Almost six years ago, I quit my job as a corporate lawyer to join full-time ministry. My plan was to ambitiously pioneer a new ministry that would reach out to young people through dance with authenticity and creativity.
Soon after, I realised something strange going on. As I began hitting roadblocks along the way, I found myself increasingly preoccupied with questions that were anything but God-centred.
- Am I doing enough?
- How can I do more to prove this ministry is good and viable to onlookers?
- Am I good enough to lead this ministry?
The consistency of such questions soon made me genuinely confused. Was my original ambition godly or not?
And if it was godly, why was my pursuit often coloured with ugly streaks of pride, self-centredness and anxiety? Where did my focus on God and the peace that comes with trusting Him go?
My ambition had birthed not just a new ministry, it had brought to light the reality of the intense warfare in my heart between the spirit and my flesh.
THE TRICKY THING ABOUT AMBITION
I started thinking: If ambition could possibly trigger the worse in us, should we even be ambitious?
Turning our attention to the life of Paul from the Bible, it appears he was a highly ambitious man.
In Romans 15:20, Paul clearly lays out his lofty ministry ambition: To preach Christ where He has never been heard.
Sure enough, he set up at least 14 churches across his decades of public ministry!
Paul is THE poster child of godly ambition fulfilled.
But that isn’t the only thing Paul has said about his ambition.
He employs the same Greek word (philotimeomai) used to describe ambition again in 2 Corinthians 5:9. And this time, he phrases it this way: “Therefore we also have as our ambition, whether at home or absent, to be pleasing to Him.” (NASB)
And in a version we might be more familiar with: “So we make it our goal to please him, whether we are at home in the body or away from it.” (NIV)
Godly ambition is always relationally driven, not results driven.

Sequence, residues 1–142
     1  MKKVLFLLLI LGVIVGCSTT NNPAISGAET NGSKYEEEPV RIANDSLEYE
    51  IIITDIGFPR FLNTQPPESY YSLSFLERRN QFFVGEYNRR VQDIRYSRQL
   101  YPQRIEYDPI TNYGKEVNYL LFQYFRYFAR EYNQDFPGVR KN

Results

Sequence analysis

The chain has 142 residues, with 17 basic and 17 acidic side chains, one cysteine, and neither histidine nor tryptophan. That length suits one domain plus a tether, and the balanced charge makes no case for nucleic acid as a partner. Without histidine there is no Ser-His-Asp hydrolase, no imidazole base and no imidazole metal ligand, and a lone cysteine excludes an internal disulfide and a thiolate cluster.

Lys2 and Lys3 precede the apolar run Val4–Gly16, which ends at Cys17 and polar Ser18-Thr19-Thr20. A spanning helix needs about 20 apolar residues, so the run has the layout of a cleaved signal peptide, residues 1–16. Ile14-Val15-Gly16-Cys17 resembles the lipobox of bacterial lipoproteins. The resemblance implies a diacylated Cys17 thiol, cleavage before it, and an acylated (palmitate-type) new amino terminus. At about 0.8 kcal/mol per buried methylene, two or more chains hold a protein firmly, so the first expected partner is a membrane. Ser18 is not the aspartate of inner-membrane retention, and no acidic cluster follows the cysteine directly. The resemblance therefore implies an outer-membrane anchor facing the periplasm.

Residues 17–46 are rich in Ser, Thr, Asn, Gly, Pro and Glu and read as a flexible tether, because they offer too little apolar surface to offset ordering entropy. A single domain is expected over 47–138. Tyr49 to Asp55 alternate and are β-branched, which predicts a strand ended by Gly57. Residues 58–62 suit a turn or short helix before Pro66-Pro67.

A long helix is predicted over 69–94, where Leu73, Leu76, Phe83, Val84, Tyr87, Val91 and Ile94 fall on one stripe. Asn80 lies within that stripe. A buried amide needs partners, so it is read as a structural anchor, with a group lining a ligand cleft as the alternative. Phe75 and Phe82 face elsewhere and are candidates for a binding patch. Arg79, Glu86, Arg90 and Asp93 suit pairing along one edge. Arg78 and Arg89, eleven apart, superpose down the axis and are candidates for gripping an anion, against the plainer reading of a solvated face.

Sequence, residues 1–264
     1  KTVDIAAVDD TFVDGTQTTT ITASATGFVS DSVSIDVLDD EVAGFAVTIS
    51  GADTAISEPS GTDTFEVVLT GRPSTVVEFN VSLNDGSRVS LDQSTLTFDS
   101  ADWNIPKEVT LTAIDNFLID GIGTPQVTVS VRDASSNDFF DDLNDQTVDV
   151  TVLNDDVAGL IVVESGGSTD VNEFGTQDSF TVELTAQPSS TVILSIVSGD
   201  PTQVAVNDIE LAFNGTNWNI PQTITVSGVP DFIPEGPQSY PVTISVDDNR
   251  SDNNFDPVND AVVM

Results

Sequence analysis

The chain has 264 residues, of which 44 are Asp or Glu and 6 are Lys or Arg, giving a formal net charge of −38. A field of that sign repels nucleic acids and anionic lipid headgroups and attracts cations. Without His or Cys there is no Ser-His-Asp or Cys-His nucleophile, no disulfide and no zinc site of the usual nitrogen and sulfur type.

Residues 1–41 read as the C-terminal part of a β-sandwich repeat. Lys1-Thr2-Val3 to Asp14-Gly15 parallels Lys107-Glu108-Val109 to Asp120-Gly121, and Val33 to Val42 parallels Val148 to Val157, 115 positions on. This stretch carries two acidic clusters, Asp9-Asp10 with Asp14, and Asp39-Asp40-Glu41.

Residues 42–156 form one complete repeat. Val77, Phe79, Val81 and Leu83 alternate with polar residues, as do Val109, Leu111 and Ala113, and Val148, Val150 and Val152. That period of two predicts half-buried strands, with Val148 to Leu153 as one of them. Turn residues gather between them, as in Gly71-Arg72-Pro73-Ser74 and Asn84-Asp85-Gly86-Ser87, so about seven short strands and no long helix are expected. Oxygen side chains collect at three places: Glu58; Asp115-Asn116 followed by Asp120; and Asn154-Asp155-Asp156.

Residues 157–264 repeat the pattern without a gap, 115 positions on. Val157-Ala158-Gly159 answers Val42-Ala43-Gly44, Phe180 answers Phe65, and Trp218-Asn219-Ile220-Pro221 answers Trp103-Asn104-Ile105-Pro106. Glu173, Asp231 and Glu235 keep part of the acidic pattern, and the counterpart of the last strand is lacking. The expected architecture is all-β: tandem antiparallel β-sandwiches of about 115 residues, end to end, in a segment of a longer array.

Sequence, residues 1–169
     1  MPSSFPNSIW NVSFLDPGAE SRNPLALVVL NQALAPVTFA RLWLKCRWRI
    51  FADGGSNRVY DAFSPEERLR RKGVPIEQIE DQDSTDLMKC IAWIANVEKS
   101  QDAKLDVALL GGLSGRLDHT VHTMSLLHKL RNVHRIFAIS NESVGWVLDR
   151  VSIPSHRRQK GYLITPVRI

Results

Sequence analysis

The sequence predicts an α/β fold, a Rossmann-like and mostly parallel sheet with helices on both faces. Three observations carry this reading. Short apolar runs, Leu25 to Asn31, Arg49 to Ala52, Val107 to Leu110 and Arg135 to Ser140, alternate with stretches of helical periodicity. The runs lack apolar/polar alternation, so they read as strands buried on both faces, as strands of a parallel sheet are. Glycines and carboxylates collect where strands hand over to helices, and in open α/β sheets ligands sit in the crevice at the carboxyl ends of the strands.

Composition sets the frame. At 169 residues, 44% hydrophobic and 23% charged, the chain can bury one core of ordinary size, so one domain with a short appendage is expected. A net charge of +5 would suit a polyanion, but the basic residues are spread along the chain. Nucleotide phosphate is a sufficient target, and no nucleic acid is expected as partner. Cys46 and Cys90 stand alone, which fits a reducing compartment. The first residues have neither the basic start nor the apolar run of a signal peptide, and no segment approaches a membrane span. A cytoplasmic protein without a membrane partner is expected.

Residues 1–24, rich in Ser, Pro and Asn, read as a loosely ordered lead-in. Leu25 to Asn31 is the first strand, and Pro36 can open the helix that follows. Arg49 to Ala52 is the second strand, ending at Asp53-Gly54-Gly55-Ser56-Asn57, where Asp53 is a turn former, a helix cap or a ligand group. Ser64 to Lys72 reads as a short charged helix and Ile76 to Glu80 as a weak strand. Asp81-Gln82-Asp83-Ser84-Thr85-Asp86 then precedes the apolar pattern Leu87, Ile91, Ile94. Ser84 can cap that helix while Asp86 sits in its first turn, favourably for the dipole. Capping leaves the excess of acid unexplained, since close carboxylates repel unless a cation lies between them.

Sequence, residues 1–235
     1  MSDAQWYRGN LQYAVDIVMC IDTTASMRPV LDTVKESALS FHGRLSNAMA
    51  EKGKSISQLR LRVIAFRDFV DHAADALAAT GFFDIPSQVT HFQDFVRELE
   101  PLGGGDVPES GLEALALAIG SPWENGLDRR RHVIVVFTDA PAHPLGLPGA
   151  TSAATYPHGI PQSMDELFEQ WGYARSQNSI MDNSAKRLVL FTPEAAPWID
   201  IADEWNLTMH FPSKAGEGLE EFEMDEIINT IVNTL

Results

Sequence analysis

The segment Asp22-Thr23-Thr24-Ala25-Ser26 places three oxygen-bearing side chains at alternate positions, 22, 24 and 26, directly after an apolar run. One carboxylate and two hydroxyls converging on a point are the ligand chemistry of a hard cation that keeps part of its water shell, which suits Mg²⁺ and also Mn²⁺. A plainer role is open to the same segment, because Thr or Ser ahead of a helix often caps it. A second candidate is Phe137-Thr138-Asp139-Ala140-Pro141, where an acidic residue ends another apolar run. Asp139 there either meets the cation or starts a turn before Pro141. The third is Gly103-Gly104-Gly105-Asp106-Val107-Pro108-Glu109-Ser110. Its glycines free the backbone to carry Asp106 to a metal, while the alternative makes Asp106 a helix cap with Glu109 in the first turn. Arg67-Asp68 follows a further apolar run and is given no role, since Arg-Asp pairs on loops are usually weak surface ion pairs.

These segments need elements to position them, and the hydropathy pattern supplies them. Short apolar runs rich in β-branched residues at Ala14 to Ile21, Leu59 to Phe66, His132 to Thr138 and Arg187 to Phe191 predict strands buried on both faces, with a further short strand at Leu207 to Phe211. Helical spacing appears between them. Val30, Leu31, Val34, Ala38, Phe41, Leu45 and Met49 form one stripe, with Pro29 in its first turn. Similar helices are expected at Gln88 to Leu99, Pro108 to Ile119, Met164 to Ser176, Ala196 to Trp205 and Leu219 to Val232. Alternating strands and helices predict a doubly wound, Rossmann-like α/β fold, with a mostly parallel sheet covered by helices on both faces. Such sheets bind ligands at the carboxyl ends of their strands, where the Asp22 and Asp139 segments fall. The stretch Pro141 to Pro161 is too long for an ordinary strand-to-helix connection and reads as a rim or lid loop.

This verse provides the key to Paul’s single-minded and clear pursuit of his goal for God, even in the face of challenges. I mean, the apostle has been through a lot (2 Corinthians 11:23-29).
And yet he remained steadfast, never becoming inward looking and never stopping. Even when he became totally hindered in the work when he was thrown behind bars, Paul’s ambition burned on (Philippians 1:12-14).
THE HEART OF OUR AMBITION
Paul’s words in 2 Corinthians 5:9 clarified something important for me. Ambition certainly can’t be wrong in and of itself.
Godly ambition is always relationally driven, not results driven. It is the closeness of our walk with the Lord and the depth of our relationship with Him that must daily fuel our passion.
The danger of doing otherwise is perhaps best illustrated by the older son in the parable of the prodigal son (Luke 15: 11-32). The older son had looked every part the perfect child – committed to the father’s work, obedient and faithful.
However, the re-appearance of his wayward brother uncovered the true nature of the older son’s industriousness.
The older son raged when he realised how lavish his father’s grace was upon the return of his good-for-nothing brother. His complaint betrayed precisely what he was working hard for.
It wasn’t for love for the father but for what he could get out of him.
THE GODLINESS OF OUR AMBITION
I wonder, did anyone know the state of the older son’s heart? Did the older son even know it himself?